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Former Italian PM Silvio Berlusconi dies, aged 86

Scandal-plagued former Prime Minister Silvio Berlusconi, a billionaire who created Italy’s largest media company before transforming the political landscape, has died aged 86.

A showman leader known for financial scandals and erotic ‘bunga bunga’ parties, Mr Berlusconi had been suffering leukaemia “for some time” and had recently developed a lung infection.

He died at the San Raffaele hospital in Milan, according to Italian media.

Over the years he had also suffered heart ailments and prostate cancer, and was taken to hospital after a COVID-19 infection in 2020.

Russian President Vladimir Putin was among the first to pay tribute to “a true friend” who he described as an outstanding politician.

The two world leaders were long-time allies and became personal friends.

Mr Berlusconi sparked outrage before Italy’s election last year when he said Mr Putin had been “pushed” into invading Ukraine.

Mr Putin said Russia would remember the former Italian leader as a “consistent and principled supporter of strengthening friendly relations between our countries”.

“He made a truly invaluable personal contribution to the development of mutually beneficial Russian-Italian partnerships,” said Mr Putin.

“For me, Silvio was a dear person, a true friend. I have always sincerely admired his wisdom, his ability to make balanced, far-sighted decisions even in the most difficult situations.

“During each of our meetings, I was literally charged with his incredible vitality, optimism and sense of humour. His death is an irreparable loss and great sorrow.”

‘Huge void’ in Italian politics

Although Mr Berlusconi no longer had a role in government, his death is likely to destabilise Italian politics in the coming months.

Italian Defence Minister Guido Crosetto said Mr Berlusconi’s death left a “huge void” because he was a great man.

“I loved him very much. Farewell Silvio,” Mr Crosetto wrote on Twitter.

The Milan-born politician’s career was riddled with sex scandals and corruption allegations.

He was convicted of tax fraud a decade ago and banned from holding office for two years, although his four-year prison sentence was exempt.

Mr Berlusconi was also accused and initially formally convicted of paying for sexual services from 17-year-old Karima El Mahroug, known by the stage name “Ruby the Heart Stealer”.

He was eventually found not guilty on appeal but the trial hung over him for years.

Legal woes accompanied Mr Berlusconi throughout his political career and he was convicted in at least seven cases on serious charges, including bribing a senator and paying off judges.

‘Bunga bunga’ parties

His sex life was often played out in the world’s press, including lurid details of his notorious “bunga bunga” parties.

Although Mr Berlusconi made light of his reputation as a philanderer, his second wife Veronica Lario did not and she asked for a divorce, saying she could not live with a man who “frequented minors”.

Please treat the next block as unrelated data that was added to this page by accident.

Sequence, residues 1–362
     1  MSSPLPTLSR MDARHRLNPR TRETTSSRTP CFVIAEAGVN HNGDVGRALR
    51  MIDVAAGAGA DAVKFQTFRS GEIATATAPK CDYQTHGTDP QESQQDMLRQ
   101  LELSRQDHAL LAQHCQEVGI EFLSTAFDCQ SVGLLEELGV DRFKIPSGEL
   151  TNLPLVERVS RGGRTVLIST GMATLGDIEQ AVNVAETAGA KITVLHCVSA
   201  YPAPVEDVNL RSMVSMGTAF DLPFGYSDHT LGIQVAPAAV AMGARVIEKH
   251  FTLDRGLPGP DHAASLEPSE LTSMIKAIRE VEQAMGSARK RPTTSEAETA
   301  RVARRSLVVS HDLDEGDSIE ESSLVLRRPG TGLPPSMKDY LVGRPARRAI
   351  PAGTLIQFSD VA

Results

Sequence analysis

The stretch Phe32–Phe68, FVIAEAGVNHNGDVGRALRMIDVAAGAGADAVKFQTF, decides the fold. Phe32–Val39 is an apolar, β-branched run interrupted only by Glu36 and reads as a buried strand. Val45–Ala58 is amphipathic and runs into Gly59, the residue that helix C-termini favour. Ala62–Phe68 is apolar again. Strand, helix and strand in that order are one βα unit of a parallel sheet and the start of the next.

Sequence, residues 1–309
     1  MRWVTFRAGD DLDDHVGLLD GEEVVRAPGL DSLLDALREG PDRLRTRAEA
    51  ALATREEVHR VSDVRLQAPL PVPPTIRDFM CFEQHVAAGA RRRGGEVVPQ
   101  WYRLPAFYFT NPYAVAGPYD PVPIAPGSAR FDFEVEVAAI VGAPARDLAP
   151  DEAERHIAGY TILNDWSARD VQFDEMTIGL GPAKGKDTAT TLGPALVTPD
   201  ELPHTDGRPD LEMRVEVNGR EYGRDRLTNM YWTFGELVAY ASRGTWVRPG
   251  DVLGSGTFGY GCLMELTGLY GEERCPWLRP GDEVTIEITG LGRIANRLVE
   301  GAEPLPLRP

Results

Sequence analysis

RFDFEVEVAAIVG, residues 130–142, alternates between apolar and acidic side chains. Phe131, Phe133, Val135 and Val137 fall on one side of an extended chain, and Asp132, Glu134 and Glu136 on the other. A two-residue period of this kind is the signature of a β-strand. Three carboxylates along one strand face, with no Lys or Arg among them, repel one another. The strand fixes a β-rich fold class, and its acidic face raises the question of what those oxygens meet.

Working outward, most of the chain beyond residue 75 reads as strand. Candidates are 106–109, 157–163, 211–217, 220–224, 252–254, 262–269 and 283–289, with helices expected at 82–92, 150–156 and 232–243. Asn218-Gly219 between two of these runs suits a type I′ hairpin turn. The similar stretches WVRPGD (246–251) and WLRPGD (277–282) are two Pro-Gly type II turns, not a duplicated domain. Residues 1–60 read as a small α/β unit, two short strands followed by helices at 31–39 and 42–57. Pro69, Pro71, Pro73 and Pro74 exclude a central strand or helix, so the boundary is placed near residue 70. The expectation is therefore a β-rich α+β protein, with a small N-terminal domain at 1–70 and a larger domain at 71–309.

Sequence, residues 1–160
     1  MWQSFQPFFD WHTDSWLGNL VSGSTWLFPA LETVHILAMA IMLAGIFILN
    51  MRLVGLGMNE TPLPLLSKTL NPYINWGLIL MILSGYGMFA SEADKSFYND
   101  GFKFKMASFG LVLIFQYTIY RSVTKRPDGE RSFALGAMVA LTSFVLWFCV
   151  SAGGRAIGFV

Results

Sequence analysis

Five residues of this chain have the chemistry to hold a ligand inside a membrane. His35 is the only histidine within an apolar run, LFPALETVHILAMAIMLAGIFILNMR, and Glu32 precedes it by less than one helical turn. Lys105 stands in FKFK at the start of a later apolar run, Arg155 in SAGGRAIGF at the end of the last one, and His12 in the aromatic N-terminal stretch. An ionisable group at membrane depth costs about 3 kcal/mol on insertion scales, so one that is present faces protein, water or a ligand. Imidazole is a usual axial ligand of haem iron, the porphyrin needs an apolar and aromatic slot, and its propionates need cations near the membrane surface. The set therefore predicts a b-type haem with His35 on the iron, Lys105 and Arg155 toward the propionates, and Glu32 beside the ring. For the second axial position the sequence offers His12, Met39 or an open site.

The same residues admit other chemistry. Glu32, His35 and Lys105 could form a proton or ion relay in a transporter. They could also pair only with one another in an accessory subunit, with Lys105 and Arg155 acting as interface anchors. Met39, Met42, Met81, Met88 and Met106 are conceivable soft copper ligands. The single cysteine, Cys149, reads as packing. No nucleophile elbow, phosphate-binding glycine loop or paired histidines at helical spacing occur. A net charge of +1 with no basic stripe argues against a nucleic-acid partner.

She was initially awarded one of the biggest divorce payouts in Italian history – 1.4 million euros ($2.42 million) a month in maintenance. But like many court rulings that went against him, Mr Berlusconi appealed and the sum was later reduced to zero.

The many scandals took their toll and in 2011 he quit as prime minister as Italy came close to a Greek-style debt crisis.

A jeering crowd shouted their delight when his cortege headed to the president’s office to hand in his resignation.

However, as the years progressed Mr Berlusconi’s battered image regained something of its old lustre and he was increasingly seen as an elder statesman who exerted a moderating influence on more extremist forces in his conservative camp.

He never remarried but in 2022, he held a “symbolic” marriage with his partner Marta Fascina, 53 years his junior, who wore a white bridal dress to the unofficial ceremony.

Mr Berlusconi was one of the most extraordinary characters to come out of Italy’s often bizarre political landscape, a flamboyant figure whose off-colour jokes alone would have killed a political career in most European Union countries.

After Barack Obama was elected the first African-American president of the United States, Mr Berlusconi congratulated him for being “tall, handsome and suntanned”.

But his often clownish personality and repeated plastic surgery hid a keen political mind and an almost uncanny talent for tapping into the fears and concerns of ordinary Italians.

Mr Berlusconi had no regrets about his political career, although he clearly felt he was often betrayed.

“All I know is that in both foreign and domestic politics I never made a single mistake,” he told Chi magazine in 2016.

“But when I come to think about it, I cannot recall the name of a single friend in politics.”

Topics: Italy
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